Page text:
The number of babies born through assisted reproduction technologies, such as in-vitro fertilization, has exceeded the 5 million mark, according to a new report.
Since the world's first baby born through such technologies – Louise Brown – arrived in July 1978, the number of children born through IVF and other techniques has exploded, according to the International Committee for Monitoring Assisted Reproductive Technologies (ICMART).
The findings, presented this week at a meeting of the European Society of Human Reproduction and Embryology in Instanbul, were based on the number of treatment cycles recorded worldwide through 2008, plus estimates for the following three years.
The total of number births was put at 4.6 million last year, and this year reached an approximate total of 5 million.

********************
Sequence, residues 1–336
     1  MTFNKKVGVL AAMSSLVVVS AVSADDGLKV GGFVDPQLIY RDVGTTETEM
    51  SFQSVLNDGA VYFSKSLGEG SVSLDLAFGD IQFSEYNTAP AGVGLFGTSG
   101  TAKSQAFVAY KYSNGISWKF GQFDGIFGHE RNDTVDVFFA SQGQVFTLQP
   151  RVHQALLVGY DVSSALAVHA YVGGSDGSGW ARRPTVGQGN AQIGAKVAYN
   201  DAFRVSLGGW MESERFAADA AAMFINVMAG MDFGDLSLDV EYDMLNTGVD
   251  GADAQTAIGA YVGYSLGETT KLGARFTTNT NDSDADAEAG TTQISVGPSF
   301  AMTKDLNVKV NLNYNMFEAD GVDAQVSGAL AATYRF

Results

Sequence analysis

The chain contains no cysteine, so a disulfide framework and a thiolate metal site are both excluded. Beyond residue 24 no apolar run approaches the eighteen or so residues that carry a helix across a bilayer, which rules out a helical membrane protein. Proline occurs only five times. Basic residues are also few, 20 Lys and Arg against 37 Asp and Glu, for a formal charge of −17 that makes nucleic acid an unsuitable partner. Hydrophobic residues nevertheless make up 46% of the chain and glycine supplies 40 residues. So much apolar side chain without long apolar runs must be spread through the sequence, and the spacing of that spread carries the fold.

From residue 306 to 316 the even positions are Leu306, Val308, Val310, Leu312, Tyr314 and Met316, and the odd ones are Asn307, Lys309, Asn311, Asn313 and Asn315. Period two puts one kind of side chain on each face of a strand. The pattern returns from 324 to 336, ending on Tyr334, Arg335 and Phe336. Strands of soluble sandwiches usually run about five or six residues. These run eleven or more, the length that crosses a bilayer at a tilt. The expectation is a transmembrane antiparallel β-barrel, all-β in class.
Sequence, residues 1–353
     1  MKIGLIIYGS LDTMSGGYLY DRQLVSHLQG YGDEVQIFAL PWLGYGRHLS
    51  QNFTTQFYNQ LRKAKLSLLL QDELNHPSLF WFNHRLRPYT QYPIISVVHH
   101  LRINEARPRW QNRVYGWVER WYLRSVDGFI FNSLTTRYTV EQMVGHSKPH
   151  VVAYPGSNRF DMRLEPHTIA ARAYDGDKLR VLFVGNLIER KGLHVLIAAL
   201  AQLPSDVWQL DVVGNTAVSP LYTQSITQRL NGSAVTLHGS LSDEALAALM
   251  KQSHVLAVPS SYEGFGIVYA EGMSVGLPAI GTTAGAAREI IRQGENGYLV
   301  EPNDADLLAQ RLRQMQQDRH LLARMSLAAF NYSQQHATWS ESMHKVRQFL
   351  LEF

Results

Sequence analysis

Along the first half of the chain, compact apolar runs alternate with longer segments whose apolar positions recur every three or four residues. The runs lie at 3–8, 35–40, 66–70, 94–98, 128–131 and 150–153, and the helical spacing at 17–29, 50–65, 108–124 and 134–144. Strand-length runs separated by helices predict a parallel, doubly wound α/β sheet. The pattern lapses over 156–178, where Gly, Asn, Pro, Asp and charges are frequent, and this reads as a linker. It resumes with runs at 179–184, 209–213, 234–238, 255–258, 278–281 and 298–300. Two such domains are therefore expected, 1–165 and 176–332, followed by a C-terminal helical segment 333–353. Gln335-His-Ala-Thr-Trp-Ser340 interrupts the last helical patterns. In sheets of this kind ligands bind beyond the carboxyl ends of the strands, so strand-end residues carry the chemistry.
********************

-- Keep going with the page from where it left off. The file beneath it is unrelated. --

"It means that this technology has been highly successful in treating infertile patients,” said Dr. David Adamson, from Fertility Physicians of Northern California chairman of ICMART. “Millions of families with children have been created, thereby reducing the burden of infertility.”
He added that technology improvements since 1978 have increased pregnancy rates and reduced health risks, to the point that IVF babies are as healthy as those conceived naturally.
Other findings of the ICMART report:
• About 1.5 million fertility cycles are now performed globally each year;
• Some 350,000 babies are born annually through such techniques; and
• The biggest users of the technologies are the U.S. and Japan, with Europe the most active region.